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Dennis Berardi

Dennis Berardi

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Every juicy melodrama needs a character you love to hate, and in HBO's critically acclaimed "Rome," she came in the form of Atia, and British actress Polly Walker played the part to the hilt. As the sexually ravenous and morally bankrupt niece of Julius Caesar, Walker's Atia sneered and connived her way through every scene. Walker was born in 1966 in Cheshire, England. Interested in the performing arts since childhood, she originally planned to be a dancer, but an injury when she was just 18 forced her to concentrate on acting. She enrolled at London's Drama Center and went on to the Royal Shakespeare Company. She took on a number of small stage roles before appearing on British television. Walker landed a prime role as the title character in the British television adaptation of the literary classic, "Lorna Doone" in 1990. From there, she appeared in a few more British television movies, such as "The Kremlin, Farewell," in 1990 and "Kabuto," in 1992. That same year, she appeared in her first major big screen role as Caroline in the critically acclaimed "Enchanted April." Walker made a bigger splash in the Harrison Ford film, "Patriot Games," based on the Tom Clancy political thriller, where...

Every juicy melodrama needs a character you love to hate, and in HBO's critically acclaimed "Rome," she came in the form of Atia, and British actress Polly Walker played the part to the hilt. As the sexually ravenous and morally bankrupt niece of Julius Caesar, Walker's Atia sneered and connived her way through every scene.

Walker was born in 1966 in Cheshire, England. Interested in the performing arts since childhood, she originally planned to be a dancer, but an injury when she was just 18 forced her to concentrate on acting. She enrolled at London's Drama Center and went on to the Royal Shakespeare Company. She took on a number of small stage roles before appearing on British television.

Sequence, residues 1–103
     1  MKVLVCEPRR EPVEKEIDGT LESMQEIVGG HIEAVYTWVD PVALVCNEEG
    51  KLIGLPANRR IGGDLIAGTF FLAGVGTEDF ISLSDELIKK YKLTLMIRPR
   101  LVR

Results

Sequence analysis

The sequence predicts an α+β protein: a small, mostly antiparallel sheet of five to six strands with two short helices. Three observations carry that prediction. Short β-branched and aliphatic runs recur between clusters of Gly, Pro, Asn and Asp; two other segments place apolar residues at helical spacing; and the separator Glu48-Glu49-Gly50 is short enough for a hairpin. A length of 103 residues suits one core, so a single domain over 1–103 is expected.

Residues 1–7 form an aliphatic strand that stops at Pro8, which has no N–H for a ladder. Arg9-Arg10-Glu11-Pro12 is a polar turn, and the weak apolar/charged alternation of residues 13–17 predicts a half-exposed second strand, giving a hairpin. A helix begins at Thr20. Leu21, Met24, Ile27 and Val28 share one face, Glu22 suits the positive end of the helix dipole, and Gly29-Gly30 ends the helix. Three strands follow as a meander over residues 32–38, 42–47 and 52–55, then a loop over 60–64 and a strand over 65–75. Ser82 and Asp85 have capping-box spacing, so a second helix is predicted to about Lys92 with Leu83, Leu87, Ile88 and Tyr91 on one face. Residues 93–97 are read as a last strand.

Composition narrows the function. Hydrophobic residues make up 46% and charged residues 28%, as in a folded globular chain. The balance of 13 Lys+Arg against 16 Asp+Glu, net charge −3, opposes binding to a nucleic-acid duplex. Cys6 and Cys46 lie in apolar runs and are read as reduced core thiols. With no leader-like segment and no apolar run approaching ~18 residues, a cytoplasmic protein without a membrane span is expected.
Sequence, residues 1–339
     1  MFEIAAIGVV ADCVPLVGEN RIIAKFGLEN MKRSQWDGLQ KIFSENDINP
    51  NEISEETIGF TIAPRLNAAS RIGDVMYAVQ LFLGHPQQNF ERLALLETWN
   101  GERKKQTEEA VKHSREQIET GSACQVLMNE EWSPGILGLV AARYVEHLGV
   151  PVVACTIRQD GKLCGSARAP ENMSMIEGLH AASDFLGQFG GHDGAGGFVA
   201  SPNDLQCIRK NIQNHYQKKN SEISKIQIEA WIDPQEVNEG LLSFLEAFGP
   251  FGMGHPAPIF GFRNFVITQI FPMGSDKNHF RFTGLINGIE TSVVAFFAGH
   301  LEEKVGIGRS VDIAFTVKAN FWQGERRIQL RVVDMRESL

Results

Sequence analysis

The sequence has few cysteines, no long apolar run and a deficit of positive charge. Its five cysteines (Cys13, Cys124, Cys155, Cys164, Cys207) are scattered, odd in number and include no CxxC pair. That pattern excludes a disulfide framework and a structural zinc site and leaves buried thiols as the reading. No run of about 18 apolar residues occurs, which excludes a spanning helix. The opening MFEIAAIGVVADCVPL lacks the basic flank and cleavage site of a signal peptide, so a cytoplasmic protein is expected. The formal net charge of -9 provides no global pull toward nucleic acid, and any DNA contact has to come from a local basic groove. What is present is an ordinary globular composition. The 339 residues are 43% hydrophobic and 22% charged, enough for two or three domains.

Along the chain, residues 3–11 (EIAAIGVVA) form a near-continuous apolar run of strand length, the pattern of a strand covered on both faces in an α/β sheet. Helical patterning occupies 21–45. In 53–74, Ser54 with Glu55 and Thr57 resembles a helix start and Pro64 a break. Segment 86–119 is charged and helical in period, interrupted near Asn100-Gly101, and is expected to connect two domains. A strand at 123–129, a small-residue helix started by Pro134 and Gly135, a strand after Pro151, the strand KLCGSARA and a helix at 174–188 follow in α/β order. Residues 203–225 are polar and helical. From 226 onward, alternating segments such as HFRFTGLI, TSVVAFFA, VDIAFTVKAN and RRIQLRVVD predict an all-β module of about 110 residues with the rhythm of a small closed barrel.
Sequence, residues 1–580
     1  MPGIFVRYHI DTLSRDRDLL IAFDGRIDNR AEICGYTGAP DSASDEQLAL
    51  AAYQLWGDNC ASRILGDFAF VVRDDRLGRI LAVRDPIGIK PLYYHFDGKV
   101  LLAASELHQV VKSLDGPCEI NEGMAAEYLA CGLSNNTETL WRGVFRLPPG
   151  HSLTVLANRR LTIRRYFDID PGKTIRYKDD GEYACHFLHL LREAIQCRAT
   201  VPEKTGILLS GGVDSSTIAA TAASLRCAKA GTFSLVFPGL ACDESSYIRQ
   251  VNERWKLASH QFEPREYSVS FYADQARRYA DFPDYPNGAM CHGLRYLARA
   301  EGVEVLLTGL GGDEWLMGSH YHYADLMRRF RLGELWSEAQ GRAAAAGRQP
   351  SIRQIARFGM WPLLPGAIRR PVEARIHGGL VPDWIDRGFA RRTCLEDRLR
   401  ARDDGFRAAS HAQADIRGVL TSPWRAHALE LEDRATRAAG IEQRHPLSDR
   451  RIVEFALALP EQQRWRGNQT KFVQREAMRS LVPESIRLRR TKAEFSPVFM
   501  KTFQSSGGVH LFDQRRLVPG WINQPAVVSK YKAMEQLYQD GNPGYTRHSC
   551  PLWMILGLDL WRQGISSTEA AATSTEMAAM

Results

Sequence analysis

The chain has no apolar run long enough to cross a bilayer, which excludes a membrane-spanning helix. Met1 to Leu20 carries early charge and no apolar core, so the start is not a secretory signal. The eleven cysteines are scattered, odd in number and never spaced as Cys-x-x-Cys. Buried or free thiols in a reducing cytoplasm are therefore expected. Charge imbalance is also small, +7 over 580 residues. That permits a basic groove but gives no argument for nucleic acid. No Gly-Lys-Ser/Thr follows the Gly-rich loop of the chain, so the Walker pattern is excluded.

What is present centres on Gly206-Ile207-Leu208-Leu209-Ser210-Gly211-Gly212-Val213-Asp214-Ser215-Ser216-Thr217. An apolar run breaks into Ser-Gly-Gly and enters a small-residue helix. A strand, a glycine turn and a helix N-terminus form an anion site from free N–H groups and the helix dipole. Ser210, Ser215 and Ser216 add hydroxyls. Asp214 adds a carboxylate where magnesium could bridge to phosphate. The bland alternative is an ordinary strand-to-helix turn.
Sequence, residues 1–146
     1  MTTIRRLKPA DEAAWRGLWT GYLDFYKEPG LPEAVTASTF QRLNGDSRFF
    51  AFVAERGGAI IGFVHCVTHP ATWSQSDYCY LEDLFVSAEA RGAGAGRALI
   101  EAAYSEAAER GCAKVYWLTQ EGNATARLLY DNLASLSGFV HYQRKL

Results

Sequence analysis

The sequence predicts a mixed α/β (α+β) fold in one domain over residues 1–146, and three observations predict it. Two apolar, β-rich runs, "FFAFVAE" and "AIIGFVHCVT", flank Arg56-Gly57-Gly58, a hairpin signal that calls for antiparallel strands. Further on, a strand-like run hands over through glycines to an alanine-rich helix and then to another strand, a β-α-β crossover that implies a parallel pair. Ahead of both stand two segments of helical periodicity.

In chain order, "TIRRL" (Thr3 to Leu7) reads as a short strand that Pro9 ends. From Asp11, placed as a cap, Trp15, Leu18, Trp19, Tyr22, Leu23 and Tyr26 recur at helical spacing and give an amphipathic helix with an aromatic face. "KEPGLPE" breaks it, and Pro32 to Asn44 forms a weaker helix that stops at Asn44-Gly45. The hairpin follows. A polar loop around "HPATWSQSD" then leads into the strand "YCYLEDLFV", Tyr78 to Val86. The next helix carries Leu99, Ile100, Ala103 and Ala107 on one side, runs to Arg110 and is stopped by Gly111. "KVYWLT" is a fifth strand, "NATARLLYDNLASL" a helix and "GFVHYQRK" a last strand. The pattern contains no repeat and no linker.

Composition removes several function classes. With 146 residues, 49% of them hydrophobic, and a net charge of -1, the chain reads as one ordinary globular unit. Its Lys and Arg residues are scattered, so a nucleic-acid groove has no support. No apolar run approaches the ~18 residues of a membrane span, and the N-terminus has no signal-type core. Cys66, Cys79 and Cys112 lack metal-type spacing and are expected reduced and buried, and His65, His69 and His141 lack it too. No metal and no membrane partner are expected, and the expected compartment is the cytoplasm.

Walker landed a prime role as the title character in the British television adaptation of the literary classic, "Lorna Doone" in 1990. From there, she appeared in a few more British television movies, such as "The Kremlin, Farewell," in 1990 and "Kabuto," in 1992. That same year, she appeared in her first major big screen role as Caroline in the critically acclaimed "Enchanted April."

Walker made a bigger splash in the Harrison Ford film, "Patriot Games," based on the Tom Clancy political thriller, where she played an English woman in an Irish terrorist group. She followed the role with a part as Vida, a mysterious neighbor, in the Sharon Stone sexy noir, "Sliver" in 1993. She next appeared in the costume drama "Restoration" and then the Jane Austen classic, "Emma." In 1999, she turned in a sexy performance in "8 ½ Women."

She worked steadily in smaller films since then, including two television movies in 2003: "Jeffrey Archer: The Truth," on the BBC, and an adaptation of "The Mayor of Casterbridge" on A&E. After a part in the indie crime drama "Control," opposite Ray Liotta, she landed the plum part on "Rome;" her turn as the wicked and scheming Atia was a high point of an already racy series. Next up for her was the Ewan McGregor comedy "Scenes of a Sexual Nature." (lensing, 2005)

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